La Nina has put the Arizona desert in such a deep drought that even the cacti need watering. CBS News Correspondent John Blackstone reports from Arizona.
At the Desert Botanical Garden, Horticulturist Patrick Quirk says even the toughest plants are showing the strain.
Quirk explains that a cactus needs "less water than a petunia - but not none at all."
There's trouble in Arizona's mountains, too. With no snow, the forests are dangerously dry. Firefighters expect to be here in June, not February.
"I usually come up here and put my cross country skis on and not have to deal with fire at this time of year," said Allen Farnsworth, of the U.S. Forest Service.
In the city of Williams, Arizona, the lack of rain and snow has led to a desperate search for drinking water.
"Right now we're at 3,500 feet," says driller Kerry Padgett, and he's found "nothing so far."
The city is running on empty, says Mayor Jim Hoffman.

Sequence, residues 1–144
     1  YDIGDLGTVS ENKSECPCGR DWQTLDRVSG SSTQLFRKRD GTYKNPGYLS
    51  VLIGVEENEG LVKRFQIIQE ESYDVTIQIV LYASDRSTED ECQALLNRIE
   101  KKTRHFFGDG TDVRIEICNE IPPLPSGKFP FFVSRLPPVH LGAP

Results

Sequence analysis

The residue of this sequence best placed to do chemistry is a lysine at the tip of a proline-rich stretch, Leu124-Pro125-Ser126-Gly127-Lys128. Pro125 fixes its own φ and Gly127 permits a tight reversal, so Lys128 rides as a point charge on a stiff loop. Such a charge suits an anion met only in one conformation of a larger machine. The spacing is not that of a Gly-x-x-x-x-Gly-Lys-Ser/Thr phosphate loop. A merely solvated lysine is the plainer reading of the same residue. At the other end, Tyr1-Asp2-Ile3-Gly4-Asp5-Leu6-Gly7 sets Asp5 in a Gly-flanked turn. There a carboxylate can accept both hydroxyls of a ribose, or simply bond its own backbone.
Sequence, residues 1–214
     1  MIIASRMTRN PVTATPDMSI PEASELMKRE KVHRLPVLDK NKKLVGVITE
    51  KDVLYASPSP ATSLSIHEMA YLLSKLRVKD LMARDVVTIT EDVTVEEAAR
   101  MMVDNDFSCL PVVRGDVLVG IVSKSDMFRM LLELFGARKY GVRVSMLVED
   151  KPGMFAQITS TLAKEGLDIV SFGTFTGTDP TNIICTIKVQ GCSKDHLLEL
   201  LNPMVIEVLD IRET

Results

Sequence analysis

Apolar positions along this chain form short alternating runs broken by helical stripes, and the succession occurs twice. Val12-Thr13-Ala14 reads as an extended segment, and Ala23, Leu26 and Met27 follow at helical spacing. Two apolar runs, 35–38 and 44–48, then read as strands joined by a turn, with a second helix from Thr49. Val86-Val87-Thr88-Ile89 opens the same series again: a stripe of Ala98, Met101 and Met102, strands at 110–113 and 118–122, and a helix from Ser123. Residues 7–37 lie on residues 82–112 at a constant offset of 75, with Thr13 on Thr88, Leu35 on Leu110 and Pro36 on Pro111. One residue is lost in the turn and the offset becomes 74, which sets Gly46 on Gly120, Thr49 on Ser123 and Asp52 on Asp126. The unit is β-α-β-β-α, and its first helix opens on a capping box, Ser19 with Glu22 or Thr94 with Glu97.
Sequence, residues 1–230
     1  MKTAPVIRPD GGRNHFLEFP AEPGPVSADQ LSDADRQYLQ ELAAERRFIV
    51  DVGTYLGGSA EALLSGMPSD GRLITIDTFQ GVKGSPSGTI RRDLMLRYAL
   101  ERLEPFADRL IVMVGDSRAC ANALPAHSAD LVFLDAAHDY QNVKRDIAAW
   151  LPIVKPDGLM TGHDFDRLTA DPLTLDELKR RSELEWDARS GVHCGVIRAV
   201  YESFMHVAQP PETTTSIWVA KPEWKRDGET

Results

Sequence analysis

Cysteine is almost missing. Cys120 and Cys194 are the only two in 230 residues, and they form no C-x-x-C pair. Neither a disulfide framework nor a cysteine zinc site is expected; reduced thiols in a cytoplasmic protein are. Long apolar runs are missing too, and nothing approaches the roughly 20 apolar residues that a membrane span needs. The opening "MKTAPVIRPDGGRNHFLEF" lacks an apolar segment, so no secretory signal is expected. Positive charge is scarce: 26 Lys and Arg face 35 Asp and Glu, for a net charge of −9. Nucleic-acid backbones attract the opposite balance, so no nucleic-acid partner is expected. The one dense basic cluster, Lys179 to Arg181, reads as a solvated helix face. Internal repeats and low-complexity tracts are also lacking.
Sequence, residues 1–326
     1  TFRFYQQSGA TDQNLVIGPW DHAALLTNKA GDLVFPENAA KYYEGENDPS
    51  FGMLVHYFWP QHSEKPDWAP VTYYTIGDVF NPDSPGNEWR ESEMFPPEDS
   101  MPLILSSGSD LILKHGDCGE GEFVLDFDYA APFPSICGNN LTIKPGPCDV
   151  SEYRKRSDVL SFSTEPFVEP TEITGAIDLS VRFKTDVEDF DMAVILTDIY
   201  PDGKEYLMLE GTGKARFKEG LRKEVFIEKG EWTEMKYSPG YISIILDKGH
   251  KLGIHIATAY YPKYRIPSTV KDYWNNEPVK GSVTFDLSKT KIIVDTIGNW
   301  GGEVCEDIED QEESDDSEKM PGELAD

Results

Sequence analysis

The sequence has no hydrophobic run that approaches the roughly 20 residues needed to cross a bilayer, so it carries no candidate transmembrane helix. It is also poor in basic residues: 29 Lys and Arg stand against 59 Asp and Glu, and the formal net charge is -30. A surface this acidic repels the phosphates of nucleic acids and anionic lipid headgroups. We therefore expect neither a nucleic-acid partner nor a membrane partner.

Dogtown Reservoir, the town's main water source, looks like a meadow. With no forecast of help from above, Williams is looking for salvation below.
But he's not counting on it.
This parched earth is bad enough in the desert but up in the mountains it's disastrous. The Arizona Snowbowl, a ski resort, should be deep in snow and busy with skiers right now.
Instead, Manager J. R. Murray says the mountain has been robbed of its usual 260 inches of snow by a villain far out in the Pacific.
"La Nina, La-no-no, whatever you want to call it--it's not working for us right now," says Murray.
But to tourists at the Grand Canyon, where there's no snow and unseasonably mild temperatures, La Nina seems like a blessing.
"It's supposed to be winter and here it's like spring," a tourist gloated.
Pleasant perhaps, but La Nina has put the rest of Arizona on edge.